Instead, the new cycle did not arrive as quickly as Dr. Hathaway anticipated, and the disturbances weakened. His revised prediction is for a smaller-than-average maximum. Last November, it looked like the new cycle was finally getting started, with the new cycle sunspots in the middle latitudes outnumbering the old sunspots of the dying cycle that are closer to the equator.
After a minimum, solar activity usually takes off quickly, but instead the Sun returned to slumber. "There was a long lull of several months of virtually no activity, which had me worried," Dr. Hathaway said.
The idea that solar cycles are related to climate is hard to fit with the actual change in energy output from the sun. From solar maximum to solar minimum, the Sun's energy output drops a minuscule 0.1 percent.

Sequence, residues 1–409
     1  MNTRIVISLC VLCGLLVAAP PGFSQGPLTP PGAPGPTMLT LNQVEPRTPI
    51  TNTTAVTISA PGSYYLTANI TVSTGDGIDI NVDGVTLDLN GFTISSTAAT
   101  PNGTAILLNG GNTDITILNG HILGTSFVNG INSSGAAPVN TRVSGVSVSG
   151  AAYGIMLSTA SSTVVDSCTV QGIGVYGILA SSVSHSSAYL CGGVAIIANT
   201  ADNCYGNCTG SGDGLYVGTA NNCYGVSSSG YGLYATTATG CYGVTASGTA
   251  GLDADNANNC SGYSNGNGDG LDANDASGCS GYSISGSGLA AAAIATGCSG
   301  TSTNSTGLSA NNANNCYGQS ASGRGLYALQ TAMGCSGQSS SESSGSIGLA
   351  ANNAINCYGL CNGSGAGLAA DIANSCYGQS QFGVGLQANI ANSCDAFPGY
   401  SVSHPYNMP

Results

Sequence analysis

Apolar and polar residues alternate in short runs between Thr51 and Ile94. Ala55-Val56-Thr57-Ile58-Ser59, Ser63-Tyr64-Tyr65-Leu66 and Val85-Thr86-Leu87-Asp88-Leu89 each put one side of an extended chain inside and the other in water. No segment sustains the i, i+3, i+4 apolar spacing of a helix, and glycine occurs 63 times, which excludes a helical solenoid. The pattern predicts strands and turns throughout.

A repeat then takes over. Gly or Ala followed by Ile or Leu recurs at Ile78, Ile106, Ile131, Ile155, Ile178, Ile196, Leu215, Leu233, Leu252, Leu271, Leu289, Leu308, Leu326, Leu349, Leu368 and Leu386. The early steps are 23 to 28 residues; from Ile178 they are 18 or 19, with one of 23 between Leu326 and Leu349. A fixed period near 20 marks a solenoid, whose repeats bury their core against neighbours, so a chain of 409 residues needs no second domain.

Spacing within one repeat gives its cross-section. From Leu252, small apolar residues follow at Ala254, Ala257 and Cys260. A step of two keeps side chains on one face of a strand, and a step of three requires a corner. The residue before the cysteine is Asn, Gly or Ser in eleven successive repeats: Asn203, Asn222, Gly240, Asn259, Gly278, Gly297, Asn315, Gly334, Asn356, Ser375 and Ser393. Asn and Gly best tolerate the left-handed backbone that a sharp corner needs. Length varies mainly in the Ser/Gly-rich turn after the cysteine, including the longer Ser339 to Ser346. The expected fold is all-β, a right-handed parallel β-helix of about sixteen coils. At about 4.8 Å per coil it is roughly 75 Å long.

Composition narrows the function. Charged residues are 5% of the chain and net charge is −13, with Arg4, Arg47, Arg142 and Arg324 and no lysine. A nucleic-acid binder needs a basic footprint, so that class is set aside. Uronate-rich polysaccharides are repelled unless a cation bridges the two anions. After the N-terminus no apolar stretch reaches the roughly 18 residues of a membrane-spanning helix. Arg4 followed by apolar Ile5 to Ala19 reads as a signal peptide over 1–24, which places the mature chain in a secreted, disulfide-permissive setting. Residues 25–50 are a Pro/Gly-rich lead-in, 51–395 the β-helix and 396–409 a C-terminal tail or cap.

But the overlap of the Maunder Minimum with the Little Ice Age, when Europe experienced unusually cold weather, suggests that the solar cycle could have more subtle influences on climate.
One possibility proposed a decade ago by Henrik Svensmark and other scientists at the Danish National Space Center in Copenhagen looks to high-energy interstellar particles known as cosmic rays. When cosmic rays slam into the atmosphere, they break apart air molecules into ions and electrons, which causes water and sulfuric acid in the air to stick together in tiny droplets. These droplets are seeds that can grow into clouds, and clouds reflect sunlight, potentially lowering temperatures.
The Sun, the Danish scientists say, influences how many cosmic rays impinge on the atmosphere and thus the number of clouds. When the Sun is frenetic, the solar wind of charged particles it spews out increases. That expands the cocoon of magnetic fields around the solar system, deflecting some of the cosmic rays.
But, according to the hypothesis, when the sunspots and solar winds die down, the magnetic cocoon contracts, more cosmic rays reach Earth, more clouds form, less sunlight reaches the ground, and temperatures cool.